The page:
The Court of Common Pleas in the County of Warren, Ohio, recently denied defense attorneys’ motion for Attorney’s fees under Fed. R. Civ. P. 11 and R.C. 2323.51 and R.C. 2335.39, in the Ohio Civil Rights Commission v. Mellon Ridge (Case No. 05CV64506 The court denied the fees and said: “Mellon Ridge’s proof of the reasonable and necessary attorney’s fees is problematic in the extreme,” according to the court.
In what started out in the trial phase as a fair housing complaint, Rodney Jackson filed a complaint in the Ohio Civil Rights Commission against Mellon Ridge Residential Care Facility alleging that he had been discriminated against because of his race, and because of the Defendant’s failure to reasonably accommodate his disability. Mr. Jackson required the use of a wheelchair and the services of a service animal, namely, a dog, in order to function.
The court found that the Defendant’s rationale for rejecting Mr. Jackson’s residency was legitimate – Mellon Ridge required proof of vaccinations and health records from a veterinarian before any resident of the facility could be admitted. Thus the court found for the Defendants.
Defendant, Mellon Ridge filed a petition for fees in the amount of $86,668.12. So why didn’t they get it? The Defense even hired “a prominent and well-respected local attorney with many years of litigation experience” to review the billing records and testify at the fee evidentiary hearing. The attorney found that “the amount of fees claimed [were] reasonable and necessary.”
There were billing records, but Defense counsel “…made a calculated choice not to submit his billing records into evidence (in the evidentiary hearing).” Apparently copies of the billing records were made available to the Plaintiffs during discovery, but the Magistrate never saw them. In fact, when asked about the lack of detail in the accounting for attorney’s fees in the evidentiary hearing, Defense counsel stated “I don’t believe the statute requires that kind of explicit detail.”
The only thing even remotely resembling “an itemized list or other evidence of the legal services” required for attorney’s fees under R.C. 2323.51(B)(5) was a short table contained in the Defense’s time affidavit giving the names, the amount of time spent, the hourly rate, and the total amount of fees of each attorney who worked on the case. The court noted, however, that what was NOT included in the time affidavit was “a breakdown of how these hours were spent and what activities were performed.”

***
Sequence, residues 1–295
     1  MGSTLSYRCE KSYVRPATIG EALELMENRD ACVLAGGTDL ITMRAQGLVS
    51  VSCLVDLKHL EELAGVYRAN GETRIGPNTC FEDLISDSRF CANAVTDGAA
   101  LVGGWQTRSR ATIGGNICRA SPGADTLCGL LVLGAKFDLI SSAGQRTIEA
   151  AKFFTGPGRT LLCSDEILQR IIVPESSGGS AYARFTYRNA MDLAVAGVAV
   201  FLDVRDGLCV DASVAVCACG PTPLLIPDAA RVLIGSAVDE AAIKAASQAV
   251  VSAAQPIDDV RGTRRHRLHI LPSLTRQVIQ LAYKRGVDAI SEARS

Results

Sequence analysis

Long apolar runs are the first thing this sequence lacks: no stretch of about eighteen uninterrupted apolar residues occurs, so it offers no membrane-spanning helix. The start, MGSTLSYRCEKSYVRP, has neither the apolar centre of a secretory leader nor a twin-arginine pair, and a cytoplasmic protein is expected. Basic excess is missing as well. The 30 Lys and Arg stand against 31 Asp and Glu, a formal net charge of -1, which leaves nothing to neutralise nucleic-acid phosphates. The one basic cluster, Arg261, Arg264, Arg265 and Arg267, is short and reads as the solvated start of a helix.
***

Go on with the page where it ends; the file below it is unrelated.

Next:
Defense counsel was obviously mistaken. The correct way attorney’s fees are calculated per the Lodestar method: the number of hours reasonably expended on a case, multiplied by reasonable attorney’s fees. However, per the Ohio statute, in order to recover attorney’s fees based on frivolous conduct, an itemized list or other evidence of legal services is required.
How could Defense counsel have missed that? The need for an itemized list of legal services being rendered is not mutually exclusive to civil, fair housing cases such as this. The Bankruptcy Code, 11 U.S.C.A. §330, states that “attorney fee applications must include itemized daily entries, with nature and purpose of particular entries noted, with actual time spent on each item, rather than minimum block of time, recorded separately, and abbreviations must be explained.”
The Illinois Appellate Court, Second District, held that “the court is not bound by the attorney's opinion as to what constitutes a reasonable fee and must inquire into all of the necessary factors. The time spent on a case is the factor of greatest importance. An attorney's general statement as to the time spent is an insufficient basis for a fee award and detailed time records are usually required. The attorney must itemize both the time expended and the work performed. In re Marriage of Pease, 106 Ill. App. 3d 617, 623, 435 N.E.2d 1361, 1367 (Ill. App. Ct. 1982).
Under Ohio’s R.C. 2323.51 (B)(5), “the party’s counsel of record may submit to the court or be ordered by the court to submit to it, for consideration in determining the amount of reasonable attorney’s fees, an itemized list or other evidence of the legal services rendered, the time expended in rendering the services and the attorney’s fees associated with those services.” (Emphasis added).
The problem with Defense’s request for attorney’s fees is that the court found the basis for the fees – that the Plaintiffs made a frivolous appeal, was that Plaintiff’s appeal was NOT found to be frivolous. The attorney’s fees expended in the appeal phase was therefore unrecoverable, but how could the Magistrate decide what amount to deduct from the fees when there wasn’t a detailed record outlining which of that $86,000 consisted of defending an appeal?
“Absent detailed billing records, any sum would be a mere shot in the dark – arbitrary and capricious,” the court concluded, refusing to make an award of reasonable and necessary attorney’s fees.
Defense counsel missed out on a slice of the Mellon for failure to follow the fee petition rules.